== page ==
But then, back to Austin. A place that I love, full of people that I love, and that I really was excited to return to. But, it’s a city and, like in any city, time waits for no one. Within two hours of landing, Gabe and I both had insurmountable to-do lists running through our heads. All of our conversation instantly shifted to “tomorrow I need to…” or “this weekend we need to…” Present moment? No time for that! Dinner was grab-and-go, interaction devolved into staring at our phones and neither of us slept well that night.
The next day it was back to work, back to pre-dawn workouts with Team Rogue and back to spending a significant amount of time sitting in traffic as I tried to get to and from these places and others. Of course there was a ton of work to catch up on, family & friends to catch up with, new trips to focus on and a big race to start silently stressing about – reflecting on and writing about my travel experiences immediately found a home at the bottom of the list.
After a week of this, I had a serious discussion with myself during a morning run. I reminded myself that “busy” is not a bragging right, that “tomorrow” is never guaranteed and that very few “stresses” actually matter at all in the scheme of things. Where had my mafimushkil, hakuna matata attitude gone? I reminded myself that just a few days prior I had been acutely aware of these things, and that there was no excuse for forgetting them just because I was back home. If anything, home is the most important place to live out these lessons.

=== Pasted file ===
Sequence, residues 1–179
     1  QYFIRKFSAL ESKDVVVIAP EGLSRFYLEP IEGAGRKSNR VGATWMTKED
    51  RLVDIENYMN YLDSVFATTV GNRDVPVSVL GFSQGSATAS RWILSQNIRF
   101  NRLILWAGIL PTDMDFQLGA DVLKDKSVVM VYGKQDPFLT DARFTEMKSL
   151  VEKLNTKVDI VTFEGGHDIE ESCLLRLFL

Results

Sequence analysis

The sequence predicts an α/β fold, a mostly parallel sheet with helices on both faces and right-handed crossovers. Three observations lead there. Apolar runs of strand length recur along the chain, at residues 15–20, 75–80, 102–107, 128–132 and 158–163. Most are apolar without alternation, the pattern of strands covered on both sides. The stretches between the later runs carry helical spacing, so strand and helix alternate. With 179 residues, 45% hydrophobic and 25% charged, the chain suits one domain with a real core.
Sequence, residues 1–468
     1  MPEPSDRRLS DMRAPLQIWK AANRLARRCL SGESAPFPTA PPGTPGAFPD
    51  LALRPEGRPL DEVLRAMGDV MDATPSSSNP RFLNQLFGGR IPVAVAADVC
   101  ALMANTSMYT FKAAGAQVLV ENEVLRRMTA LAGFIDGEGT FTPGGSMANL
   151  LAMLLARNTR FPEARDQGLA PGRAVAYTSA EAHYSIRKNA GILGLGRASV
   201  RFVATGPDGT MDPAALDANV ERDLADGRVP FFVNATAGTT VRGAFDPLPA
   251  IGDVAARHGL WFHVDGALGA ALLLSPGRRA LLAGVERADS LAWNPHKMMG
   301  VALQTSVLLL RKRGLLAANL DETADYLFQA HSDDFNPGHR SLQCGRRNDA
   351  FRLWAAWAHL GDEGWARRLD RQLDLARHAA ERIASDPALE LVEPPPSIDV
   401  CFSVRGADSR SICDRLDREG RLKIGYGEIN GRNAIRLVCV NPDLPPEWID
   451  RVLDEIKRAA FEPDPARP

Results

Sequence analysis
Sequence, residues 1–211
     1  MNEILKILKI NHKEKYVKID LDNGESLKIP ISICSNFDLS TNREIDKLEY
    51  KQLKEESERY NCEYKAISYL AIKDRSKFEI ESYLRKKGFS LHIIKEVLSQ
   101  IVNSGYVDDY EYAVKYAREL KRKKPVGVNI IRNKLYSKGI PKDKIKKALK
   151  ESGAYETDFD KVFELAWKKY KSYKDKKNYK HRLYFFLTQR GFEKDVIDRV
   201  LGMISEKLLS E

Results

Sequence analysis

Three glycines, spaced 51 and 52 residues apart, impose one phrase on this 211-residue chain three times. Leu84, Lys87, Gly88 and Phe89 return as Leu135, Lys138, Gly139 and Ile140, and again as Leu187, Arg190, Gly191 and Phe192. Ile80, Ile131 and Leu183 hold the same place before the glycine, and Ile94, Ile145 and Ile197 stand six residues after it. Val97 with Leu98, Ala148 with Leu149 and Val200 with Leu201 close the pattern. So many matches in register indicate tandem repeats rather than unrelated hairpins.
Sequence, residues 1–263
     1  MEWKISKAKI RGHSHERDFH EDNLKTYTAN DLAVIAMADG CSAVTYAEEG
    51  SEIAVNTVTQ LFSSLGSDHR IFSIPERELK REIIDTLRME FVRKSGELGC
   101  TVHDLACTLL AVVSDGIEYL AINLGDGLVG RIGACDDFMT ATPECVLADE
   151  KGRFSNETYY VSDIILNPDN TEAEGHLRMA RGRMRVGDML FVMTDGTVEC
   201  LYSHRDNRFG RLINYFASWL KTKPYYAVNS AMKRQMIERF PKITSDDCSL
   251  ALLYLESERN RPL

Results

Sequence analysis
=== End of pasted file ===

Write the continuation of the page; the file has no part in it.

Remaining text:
You know what? With a little effort, it worked! In my day to day routine, I began to walk places, take in my surroundings, busy schedule be damned. In work, I would take a step back the moment that I began to feel overwhelmed by to-do lists and emails, refocus, and simply work on each thing, piece by piece. In my personal life, I’ve made a point to refrain from the phrase “too busy” when it comes to plans with family or friends. And in running, I managed to hold onto the incredible feeling of freedom and pure joy that I’d experienced running through Africa. It led to one of the best races I’ve ever had, just a few weeks after returning home, and I feel confident that it’s going to lead to big things this fall.
There is nothing better for the world than people getting out and experiencing the world. It educates, it opens minds, it connects. Much like running! I’ve always been a big believer in this, and saw it firsthand in many of the runners who traveled with us over that month. It reaffirmed everything that we’re doing with Rogue Expeditions, and everything that we have planned. Two months later, I’ve had my time to reflect, and now I’m ready to write about those experiences – a short series will follow over the next few weeks, covering the highlights, the big moments, the lessons and the aftermath from each segment of that world-wind. So please, take a break, slow it down, and read along!